Mapping The Online World

Nominet published an infographic showing all the domain name extensions (ccTLDs) of the world.

Nominet has been looking for a way to visualise global internet use. The result is the map of the online world, an atlas redrawn according to the number of registrations within each country’s internet domain — whether .uk for the UK, .de for Germany, .cn for China, and so on.

The international nature of the internet was affirmed in the mid-eighties, when a system was agreed for allocating each country its own space online. Each would get a two-letter code within the Domain Name System, the address book of the internet. In 1985, the first three were delegated: .us for the USA, .uk for the UK, and .il for Israel.

‘Online Europe’ is so much larger than geographic Europe because of the high rates of internet adoption by countries in this region. The UK, for example, is only the 21st largest country in the world by population, and the 78th by area. But in terms of internet use, it’s right at the top of the table. In 2015, about four out of five UK adults accessed the internet daily, and more than three quarters bought goods or services online. With 10.6 million registrations, .uk is the world’s fourth largest country-code domain, and a new .uk is registered every 20 seconds.

The USA, on the other hand, is an anomaly. Despite having high levels of internet use, e-commerce and online innovation, there are comparatively few registrations under .us, its official country-code domain. Americans and American businesses tend to prefer .com, which at around 123 million registrations is the world’s most common domain.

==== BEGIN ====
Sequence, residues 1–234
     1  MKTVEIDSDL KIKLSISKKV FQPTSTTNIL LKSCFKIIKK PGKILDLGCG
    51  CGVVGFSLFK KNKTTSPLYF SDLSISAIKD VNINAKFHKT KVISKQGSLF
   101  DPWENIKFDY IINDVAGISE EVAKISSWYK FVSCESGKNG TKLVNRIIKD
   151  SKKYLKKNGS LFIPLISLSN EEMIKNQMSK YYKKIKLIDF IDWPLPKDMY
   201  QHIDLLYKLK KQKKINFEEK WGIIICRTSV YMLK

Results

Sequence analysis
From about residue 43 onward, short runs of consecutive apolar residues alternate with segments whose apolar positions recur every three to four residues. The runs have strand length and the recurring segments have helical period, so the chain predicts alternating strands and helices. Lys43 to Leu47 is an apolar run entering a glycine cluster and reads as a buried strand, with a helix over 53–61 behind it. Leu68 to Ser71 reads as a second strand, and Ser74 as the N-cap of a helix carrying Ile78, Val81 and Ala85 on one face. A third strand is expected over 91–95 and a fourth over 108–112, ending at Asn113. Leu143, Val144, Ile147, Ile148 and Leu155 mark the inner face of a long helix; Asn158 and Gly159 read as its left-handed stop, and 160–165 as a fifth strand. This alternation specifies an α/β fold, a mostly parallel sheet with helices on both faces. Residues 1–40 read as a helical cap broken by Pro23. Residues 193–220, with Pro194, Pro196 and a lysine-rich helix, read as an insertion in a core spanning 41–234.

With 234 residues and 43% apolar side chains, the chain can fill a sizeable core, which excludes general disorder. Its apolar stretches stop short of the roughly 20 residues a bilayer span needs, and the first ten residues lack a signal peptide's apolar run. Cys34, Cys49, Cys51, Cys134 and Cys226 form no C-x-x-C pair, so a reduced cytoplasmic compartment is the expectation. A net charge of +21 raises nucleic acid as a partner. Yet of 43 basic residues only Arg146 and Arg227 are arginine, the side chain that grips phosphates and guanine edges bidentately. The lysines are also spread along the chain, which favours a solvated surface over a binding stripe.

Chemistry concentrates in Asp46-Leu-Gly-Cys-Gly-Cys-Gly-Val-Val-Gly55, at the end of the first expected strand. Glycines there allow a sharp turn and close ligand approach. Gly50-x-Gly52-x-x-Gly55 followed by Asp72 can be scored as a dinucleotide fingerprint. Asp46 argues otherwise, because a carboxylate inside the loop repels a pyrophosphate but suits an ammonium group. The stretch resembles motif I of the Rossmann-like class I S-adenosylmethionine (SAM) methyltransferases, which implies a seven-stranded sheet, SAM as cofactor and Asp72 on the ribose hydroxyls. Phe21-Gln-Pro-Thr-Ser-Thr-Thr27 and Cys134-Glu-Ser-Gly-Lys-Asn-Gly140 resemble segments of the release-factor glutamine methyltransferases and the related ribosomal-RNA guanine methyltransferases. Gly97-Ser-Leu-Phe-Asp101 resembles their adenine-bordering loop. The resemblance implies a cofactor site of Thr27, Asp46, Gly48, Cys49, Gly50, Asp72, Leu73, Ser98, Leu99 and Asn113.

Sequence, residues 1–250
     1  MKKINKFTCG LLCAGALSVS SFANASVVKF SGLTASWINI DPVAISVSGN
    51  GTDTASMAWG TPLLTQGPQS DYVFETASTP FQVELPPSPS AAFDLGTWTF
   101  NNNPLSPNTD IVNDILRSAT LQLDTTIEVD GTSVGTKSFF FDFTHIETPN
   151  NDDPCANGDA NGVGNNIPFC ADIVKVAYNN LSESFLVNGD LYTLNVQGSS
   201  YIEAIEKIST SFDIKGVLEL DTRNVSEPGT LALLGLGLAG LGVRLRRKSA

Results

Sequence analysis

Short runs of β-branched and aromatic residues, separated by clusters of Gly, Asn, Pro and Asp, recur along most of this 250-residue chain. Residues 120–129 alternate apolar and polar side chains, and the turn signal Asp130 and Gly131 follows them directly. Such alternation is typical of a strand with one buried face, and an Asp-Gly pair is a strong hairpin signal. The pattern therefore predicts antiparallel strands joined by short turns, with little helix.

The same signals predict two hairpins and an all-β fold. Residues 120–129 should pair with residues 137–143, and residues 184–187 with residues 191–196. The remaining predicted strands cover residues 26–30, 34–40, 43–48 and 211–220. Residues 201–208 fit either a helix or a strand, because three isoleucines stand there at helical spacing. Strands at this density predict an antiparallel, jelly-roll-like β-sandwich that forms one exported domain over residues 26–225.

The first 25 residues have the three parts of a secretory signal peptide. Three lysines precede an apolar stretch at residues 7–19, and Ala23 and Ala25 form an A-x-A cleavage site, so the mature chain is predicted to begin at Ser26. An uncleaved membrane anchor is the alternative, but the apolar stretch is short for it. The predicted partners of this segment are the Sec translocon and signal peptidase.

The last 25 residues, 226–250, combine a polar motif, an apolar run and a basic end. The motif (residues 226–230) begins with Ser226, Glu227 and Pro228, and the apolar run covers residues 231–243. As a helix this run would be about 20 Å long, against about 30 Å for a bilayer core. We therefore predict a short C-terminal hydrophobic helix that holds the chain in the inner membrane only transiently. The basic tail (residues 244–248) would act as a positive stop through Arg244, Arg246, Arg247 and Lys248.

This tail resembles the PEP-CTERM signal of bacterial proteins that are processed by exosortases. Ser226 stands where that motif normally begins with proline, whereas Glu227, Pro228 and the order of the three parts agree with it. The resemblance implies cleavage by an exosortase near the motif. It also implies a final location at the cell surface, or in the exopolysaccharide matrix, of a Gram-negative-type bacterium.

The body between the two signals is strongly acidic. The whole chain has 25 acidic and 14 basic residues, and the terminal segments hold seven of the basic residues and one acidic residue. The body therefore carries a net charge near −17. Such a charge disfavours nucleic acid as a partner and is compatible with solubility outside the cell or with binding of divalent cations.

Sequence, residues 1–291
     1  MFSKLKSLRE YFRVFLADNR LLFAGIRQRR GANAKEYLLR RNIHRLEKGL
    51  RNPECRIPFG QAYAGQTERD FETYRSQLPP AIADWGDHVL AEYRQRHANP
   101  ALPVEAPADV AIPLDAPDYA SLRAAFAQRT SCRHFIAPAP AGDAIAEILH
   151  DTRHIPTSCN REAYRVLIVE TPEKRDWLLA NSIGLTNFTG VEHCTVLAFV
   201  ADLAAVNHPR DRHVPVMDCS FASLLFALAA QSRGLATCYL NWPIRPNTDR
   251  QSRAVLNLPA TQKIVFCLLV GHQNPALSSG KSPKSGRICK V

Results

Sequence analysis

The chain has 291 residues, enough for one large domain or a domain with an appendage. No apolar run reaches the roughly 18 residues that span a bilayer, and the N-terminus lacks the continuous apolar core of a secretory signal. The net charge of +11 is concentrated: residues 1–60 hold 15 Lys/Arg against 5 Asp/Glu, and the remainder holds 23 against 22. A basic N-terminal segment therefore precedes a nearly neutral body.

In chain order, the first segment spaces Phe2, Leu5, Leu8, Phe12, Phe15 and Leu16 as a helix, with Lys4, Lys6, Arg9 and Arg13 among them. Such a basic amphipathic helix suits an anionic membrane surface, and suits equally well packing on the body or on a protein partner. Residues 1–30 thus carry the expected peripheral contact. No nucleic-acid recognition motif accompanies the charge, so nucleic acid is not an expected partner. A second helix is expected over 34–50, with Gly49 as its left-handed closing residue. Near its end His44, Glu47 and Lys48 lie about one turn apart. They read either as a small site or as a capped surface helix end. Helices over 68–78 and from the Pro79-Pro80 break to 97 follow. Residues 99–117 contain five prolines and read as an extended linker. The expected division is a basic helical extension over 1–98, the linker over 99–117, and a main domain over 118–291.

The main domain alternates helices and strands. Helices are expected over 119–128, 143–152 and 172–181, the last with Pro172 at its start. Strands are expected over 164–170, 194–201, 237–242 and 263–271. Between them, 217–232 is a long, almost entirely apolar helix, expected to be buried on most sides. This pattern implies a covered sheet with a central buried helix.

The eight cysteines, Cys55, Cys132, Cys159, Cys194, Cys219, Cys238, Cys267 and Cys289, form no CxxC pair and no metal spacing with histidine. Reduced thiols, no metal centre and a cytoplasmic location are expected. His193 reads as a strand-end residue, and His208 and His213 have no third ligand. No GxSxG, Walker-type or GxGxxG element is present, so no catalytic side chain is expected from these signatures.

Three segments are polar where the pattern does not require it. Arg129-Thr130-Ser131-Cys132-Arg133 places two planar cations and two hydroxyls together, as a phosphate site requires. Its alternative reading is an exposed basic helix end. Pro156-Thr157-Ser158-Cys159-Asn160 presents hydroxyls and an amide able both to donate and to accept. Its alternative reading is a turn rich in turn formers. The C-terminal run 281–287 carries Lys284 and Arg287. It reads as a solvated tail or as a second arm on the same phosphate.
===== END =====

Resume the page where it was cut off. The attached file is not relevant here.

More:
In many other countries, the number of country-code domain registrations can be a useful indicator of internet adoption. But the low number of .us domains instead reflects American dominance in the internet’s formative years. A .com website may be assumed to be American by default, removing the need to specify.

Another anomaly is Tokelau. Yes, that huge, unfamiliar shape on the right hand side of the map is the tiny South Pacific island of Tokelau, population 1,400. There are 31 million registrations under Tokelau’s .tk, making it the world’s largest country-code domain. It’s almost as large as second and third place holders China (.cn) and Germany (.de) combined. The popularity of .tk is due to an unusual operating model, where domains can be registered for free and revenue comes from advertising.  According to some reports, one-sixth of Tokelau’s GDP comes from .tk domains.

While the USA and Tokelau show there are exceptions at each end of the scale, Nominet’s map of the online world does seem to indicate some links between the size of a country’s internet domain, rate of internet adoption, and economic strength. Unfortunately, our map suggests that global inequality offline can often be mirrored by a lack of opportunity and representation in the online world.  The continent of Africa is home to more than one billion people, yet on our map it’s much, much smaller than it should be.


About Konstantinos Zournas

I studied Computer Engineering and Computer Science in London, UK and I am now living in Athens, Greece. I went online in 1995, started coding in 1996 and began buying domain names and creating websites in 2000. I started the blog in 2012.


  1. France and Italy have surprisingly low registration numbers considering their populations and economic strength.

    • well, there are many reasons for that, anyway one of them is also that until platforms like Sedo will prevent prospect buyers from searching domains in languages other than English, all Latin languages countries will be penalized… Even this is a strategy

  2. It’s too small to see it properly

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